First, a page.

Fresh from a spree of club detours as Daphni, Dan Snaith a.k.a. Caribou will soon be back with Suddenly, his first album in over 5 years.
Its pre-release singles are a return to full-blown songwriting, nostalgic of the folktronic moods of his earlier albums Andorra and The Milk of Human Kindness.
A no-more, no-less production style dominates ‘You and I’, echoing Daft Punk’s ‘Instant Crush’ but with a kind of non ornamental mock-honesty. Boxy reverb, dub effects, extra warmth; a standard Caribou affair. Snaith sings of love and attachment, but the third verse (“You can take your place up in the sky // I will find a way to get it on down here”) reveals a hidden grief.
According to Snaith, a major change in his life influenced the album, and it’s refreshing to hear this reflected in the song. During the chorus, for example, a kind of new-wavey synth breakdown fused with trap, completely alien to the verse, comes immediately after a gut-punch drum fill, like a surge of inspiration after a sudden but difficult life transition. Then Skrillex seems to show up (but not literally), with some glitchy chopped-up vocals appearing before the song’s climax. Living up to the name Suddenly, this does jar the mood a bit, but it at least adds a bit more radio-friendliness to an already impressive song.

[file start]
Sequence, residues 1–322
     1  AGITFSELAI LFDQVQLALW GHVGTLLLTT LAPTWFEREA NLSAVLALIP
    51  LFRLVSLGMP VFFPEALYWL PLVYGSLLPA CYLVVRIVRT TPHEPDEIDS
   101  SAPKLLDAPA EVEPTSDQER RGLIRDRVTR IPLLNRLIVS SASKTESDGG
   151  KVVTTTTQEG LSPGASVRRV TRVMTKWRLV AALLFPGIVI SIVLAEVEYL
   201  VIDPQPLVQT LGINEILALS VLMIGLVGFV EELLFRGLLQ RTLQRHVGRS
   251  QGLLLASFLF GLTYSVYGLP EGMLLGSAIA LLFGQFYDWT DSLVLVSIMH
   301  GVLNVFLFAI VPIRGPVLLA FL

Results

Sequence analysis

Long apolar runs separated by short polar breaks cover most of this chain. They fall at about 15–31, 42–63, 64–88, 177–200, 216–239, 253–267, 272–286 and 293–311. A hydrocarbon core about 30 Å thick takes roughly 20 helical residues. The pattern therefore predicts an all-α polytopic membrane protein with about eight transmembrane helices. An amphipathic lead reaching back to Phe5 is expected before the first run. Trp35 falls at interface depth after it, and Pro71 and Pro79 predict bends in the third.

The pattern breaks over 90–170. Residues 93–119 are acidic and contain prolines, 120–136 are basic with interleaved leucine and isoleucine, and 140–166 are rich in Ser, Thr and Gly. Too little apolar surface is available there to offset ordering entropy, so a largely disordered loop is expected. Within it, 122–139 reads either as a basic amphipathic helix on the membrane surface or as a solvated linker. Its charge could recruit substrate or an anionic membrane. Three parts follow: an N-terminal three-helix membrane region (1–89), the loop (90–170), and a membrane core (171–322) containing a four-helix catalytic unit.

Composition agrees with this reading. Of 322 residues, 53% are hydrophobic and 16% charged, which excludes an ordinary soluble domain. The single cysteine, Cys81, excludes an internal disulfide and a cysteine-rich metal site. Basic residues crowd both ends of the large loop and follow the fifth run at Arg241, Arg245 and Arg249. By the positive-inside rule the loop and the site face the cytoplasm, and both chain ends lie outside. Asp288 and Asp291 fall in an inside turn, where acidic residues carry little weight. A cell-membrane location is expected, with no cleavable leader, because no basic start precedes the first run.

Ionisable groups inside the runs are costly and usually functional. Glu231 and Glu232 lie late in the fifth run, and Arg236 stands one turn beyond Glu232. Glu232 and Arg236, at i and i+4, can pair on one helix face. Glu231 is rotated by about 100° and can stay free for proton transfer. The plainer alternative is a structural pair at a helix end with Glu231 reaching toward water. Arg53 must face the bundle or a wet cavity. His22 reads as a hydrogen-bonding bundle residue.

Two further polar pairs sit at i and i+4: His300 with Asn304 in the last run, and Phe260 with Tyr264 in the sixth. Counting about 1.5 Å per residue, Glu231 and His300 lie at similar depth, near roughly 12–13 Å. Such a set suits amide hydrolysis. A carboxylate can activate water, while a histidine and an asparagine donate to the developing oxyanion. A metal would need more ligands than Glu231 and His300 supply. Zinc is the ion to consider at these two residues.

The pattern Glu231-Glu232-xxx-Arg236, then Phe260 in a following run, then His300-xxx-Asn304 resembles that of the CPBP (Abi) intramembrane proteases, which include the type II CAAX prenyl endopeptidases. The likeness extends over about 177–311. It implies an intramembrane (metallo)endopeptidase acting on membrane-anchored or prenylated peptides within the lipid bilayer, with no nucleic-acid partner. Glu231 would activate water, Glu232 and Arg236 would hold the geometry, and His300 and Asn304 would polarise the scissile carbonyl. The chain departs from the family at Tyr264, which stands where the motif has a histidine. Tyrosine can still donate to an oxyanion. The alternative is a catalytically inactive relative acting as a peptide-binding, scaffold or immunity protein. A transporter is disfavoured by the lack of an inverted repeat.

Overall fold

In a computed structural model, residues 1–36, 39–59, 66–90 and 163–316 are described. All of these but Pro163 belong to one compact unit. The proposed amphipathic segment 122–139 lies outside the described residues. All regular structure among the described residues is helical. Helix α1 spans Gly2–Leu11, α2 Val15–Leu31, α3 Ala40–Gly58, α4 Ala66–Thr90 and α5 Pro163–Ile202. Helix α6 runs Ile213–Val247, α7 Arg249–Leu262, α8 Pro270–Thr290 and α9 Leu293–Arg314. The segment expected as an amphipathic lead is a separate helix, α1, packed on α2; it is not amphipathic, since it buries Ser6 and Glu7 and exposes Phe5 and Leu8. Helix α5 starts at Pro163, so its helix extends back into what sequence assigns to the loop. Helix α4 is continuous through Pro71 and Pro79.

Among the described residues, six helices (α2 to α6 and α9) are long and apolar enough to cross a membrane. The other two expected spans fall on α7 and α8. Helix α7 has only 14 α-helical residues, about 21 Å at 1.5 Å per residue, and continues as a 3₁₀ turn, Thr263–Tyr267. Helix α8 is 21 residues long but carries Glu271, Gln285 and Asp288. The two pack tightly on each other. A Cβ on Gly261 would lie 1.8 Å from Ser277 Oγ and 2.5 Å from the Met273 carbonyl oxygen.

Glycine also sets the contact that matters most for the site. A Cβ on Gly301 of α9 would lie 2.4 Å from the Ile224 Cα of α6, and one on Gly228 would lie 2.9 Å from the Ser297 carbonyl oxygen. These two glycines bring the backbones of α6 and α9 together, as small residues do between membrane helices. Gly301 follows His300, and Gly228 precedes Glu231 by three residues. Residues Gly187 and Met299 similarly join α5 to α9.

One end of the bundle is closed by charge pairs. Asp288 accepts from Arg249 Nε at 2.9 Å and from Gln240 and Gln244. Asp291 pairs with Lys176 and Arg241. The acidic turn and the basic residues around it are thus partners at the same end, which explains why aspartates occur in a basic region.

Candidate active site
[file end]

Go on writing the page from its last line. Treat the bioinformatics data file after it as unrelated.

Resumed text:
‘Home’ is closer to the plunderphonics-pop style re-popularised by Snaith’s friend Jamie xx, capitalising on the trend of sampling ‘70s soul 7-inches. This time, though, it’s ‘Home’ by Gloria Barnes. Lyrics are less prominent on this track, and instead, the usual vogue of record-skipping nostalgia takes full effect. While ‘Home’ does suffer from some of the same trappings as ‘lo-fi study/chill beats to relax to’, its exceptional production value sort of makes up for this.
Abandoning the rapture of former singles like ‘Sun’ in favour of a more homely “chill” approach, here’s hoping Suddenly will fulfil the hype as one of Caribou’s more personal projects.
Jude Iago James